How we work – Intervention

Developing attachment/relationships
Objective: To build trust and strengthen positive relationships between family members.
What are the key elements of practice?
What we do and why:
  • Reproduce, between the individual child and parent, the experience of a positive, caring relationship that they have had with their field worker (under the Individual-Attachment stage above). The relationship created with the key worker is a useful reference for children and parents as they learn how to relate positively to each other. The key worker plays a facilitating role. For example, rather than the key worker helping a child with their homework, the key worker supports the mother in helping the child. This enables the key workers to start to reduce the intensity of their involvement in the family, as the parents become the most important figures in the child’s life and vice versa. It also involves a shift for the key workers from being there for the individuals, to acting as a support for the family as a whole.
  • Create opportunities for family members to get to know each other and promote the rules, routines, rituals and roles that help a family function successfully together (celebrating birthdays, conversations about likes, dislikes and feelings, talking about and modelling respectful interactions and language).
  • Create positive experiences for the family – which help to create positive shared family “memories”. Such experiences, facilitated by the key worker, create opportunities for interactions and communication that enable families to form healthy attachments.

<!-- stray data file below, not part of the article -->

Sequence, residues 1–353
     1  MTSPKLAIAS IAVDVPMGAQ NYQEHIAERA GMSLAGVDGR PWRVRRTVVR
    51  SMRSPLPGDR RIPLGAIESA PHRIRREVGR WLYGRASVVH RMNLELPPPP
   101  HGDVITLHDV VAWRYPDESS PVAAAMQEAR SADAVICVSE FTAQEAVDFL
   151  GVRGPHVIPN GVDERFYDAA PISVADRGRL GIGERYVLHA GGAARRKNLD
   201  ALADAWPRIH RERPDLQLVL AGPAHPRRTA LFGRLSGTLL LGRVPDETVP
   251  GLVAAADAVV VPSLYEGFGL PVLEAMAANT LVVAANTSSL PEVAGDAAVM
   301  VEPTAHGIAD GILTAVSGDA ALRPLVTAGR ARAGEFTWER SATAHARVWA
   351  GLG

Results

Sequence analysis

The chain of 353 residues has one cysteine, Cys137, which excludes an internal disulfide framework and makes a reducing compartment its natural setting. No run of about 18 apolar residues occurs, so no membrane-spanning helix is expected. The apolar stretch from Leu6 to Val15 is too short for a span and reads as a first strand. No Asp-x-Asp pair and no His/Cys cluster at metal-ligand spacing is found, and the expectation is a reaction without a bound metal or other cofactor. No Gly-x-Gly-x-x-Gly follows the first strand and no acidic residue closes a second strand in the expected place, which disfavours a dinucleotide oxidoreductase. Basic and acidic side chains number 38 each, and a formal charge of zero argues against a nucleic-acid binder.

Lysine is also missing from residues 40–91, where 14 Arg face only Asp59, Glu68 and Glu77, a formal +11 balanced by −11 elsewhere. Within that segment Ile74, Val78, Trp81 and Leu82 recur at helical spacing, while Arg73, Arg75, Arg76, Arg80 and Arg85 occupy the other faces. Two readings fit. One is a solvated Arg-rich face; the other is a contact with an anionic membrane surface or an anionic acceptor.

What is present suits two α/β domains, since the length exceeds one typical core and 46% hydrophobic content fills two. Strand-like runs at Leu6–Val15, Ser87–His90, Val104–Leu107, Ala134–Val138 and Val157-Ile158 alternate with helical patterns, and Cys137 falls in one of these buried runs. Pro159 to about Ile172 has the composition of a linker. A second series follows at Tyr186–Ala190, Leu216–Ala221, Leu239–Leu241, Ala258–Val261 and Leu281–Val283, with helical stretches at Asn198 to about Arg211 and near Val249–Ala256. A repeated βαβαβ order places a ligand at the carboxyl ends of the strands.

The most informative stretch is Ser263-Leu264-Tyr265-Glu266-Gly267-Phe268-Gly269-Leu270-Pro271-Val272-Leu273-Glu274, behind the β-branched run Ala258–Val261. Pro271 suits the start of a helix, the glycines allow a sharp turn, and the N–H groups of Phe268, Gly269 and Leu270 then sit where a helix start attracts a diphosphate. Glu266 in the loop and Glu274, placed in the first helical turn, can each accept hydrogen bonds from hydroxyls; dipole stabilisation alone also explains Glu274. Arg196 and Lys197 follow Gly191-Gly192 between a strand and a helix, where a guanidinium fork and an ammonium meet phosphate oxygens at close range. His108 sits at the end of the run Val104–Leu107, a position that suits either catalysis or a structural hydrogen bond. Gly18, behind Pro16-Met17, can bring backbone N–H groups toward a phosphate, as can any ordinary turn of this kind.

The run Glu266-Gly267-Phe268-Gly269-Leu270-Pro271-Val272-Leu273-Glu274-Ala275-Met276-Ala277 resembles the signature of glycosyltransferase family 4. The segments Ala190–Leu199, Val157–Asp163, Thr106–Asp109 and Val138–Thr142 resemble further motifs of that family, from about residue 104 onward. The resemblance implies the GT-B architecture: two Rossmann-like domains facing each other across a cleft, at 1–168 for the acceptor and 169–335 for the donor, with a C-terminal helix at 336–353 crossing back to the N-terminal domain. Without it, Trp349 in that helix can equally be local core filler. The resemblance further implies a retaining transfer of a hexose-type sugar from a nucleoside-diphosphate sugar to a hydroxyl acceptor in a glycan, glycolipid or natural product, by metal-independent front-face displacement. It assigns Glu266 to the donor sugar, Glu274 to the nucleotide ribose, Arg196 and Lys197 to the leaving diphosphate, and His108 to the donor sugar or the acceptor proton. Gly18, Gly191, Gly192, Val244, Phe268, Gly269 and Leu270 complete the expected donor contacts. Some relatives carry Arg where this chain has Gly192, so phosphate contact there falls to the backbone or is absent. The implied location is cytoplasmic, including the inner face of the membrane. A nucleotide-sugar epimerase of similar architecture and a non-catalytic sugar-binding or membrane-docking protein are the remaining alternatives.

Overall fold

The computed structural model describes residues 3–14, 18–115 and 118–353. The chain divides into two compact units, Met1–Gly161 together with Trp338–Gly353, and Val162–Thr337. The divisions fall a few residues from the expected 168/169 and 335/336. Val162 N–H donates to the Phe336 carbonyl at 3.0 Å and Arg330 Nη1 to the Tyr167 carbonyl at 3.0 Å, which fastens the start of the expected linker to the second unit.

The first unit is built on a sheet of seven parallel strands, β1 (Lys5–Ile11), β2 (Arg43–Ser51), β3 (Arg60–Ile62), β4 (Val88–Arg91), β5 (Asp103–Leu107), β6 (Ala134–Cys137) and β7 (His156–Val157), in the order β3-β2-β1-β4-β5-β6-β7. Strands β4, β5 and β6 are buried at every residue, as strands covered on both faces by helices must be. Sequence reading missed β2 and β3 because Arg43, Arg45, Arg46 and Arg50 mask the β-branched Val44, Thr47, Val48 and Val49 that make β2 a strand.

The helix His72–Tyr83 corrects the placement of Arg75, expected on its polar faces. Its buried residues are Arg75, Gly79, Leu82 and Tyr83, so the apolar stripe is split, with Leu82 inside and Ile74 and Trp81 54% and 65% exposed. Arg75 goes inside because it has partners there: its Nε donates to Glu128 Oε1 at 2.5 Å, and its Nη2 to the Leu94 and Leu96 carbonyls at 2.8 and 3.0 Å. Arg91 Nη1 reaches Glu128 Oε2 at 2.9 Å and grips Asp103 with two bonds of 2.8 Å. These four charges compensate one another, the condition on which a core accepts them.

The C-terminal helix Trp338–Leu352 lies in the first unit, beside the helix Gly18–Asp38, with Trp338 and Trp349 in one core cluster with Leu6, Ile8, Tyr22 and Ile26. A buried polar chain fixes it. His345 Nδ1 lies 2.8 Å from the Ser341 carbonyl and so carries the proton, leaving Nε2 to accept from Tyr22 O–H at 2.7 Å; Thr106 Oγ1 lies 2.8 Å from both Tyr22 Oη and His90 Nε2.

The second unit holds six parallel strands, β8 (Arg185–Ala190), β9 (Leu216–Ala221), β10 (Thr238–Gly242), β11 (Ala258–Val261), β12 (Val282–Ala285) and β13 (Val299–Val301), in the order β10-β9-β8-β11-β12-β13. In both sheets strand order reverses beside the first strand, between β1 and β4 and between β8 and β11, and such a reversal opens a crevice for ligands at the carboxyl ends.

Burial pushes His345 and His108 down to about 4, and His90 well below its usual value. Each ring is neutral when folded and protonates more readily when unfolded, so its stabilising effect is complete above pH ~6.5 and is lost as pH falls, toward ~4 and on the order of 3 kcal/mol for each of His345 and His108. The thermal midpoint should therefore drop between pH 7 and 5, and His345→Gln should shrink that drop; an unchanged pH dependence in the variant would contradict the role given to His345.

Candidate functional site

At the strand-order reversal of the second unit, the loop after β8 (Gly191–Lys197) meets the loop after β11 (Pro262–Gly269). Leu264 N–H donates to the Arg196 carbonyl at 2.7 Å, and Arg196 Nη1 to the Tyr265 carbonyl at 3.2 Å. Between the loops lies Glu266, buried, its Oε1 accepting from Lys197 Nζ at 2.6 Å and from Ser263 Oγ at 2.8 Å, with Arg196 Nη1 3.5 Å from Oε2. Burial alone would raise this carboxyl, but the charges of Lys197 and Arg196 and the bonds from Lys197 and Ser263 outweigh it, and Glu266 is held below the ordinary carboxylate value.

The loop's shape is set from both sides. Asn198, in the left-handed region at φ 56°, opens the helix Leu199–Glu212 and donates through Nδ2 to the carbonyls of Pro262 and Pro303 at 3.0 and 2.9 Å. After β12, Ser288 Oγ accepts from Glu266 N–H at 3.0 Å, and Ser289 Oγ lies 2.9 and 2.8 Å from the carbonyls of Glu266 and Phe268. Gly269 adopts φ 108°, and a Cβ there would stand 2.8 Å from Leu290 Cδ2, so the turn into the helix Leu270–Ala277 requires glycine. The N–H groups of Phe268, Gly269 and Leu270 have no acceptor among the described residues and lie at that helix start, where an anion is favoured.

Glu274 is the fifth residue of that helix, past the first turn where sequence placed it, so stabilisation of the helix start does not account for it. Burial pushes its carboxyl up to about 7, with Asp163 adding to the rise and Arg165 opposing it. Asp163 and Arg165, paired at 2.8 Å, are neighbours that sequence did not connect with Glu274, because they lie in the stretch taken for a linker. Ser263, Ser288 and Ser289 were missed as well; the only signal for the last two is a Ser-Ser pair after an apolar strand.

• Ensure that the work on attachment and processing at an individual level has been effective before attempting to bring the family group together.
Useful Techniques
  • Family days-out and excursions
  • Family life plans, life lines and diagnostic tools
  • Interactive video sessions
  • Parenting skills (setting limits, positive discipline, acknowledging and encouraging children’s strengths, modelling appropriate behaviour)
  • Family process skills – negotiating compromises between competing needs and interests within the family, facilitating shared decision-making.
  • Goal-setting, planning, organisational, problem-solving and re-framing techniques.
Case Study – Jonathan, Daniel and Mateo
Following more than 18 months of working intensively with Dona Grace and Don Fausto, the parents of Jonathan, Daniel and Mateo, and after supporting the boys individually and through school and community activities, everyone in the family now showed a much greater emotional capacity to relate more effectively to each other and to others. Nevertheless, the family had many memories involving fear, loneliness and hunger, and few positive memories. The key workers decided to take the family on a day trip to the beach. Pictures of the day were placed around the home. Similar outings helped the family create new positive memories. The family also began to see positive things in their day to day lives. Key workers would set up situations so the family could tell each other about these positive things. When the boys were asked to tell their mother something that she did that made each feel good, Jonathan said he liked it when she gave him rice and chicken for dinner; Daniel said he liked it when she hugged him; and Mateo said he liked it when she smiled. Grace immediately hugged each of her children with a huge smile on her face and said she would save up so they could have chicken for dinner next week. The whole family laughed and hugged and smiled. These seemingly small and simple experiences made a dramatic difference to the energy in the family home.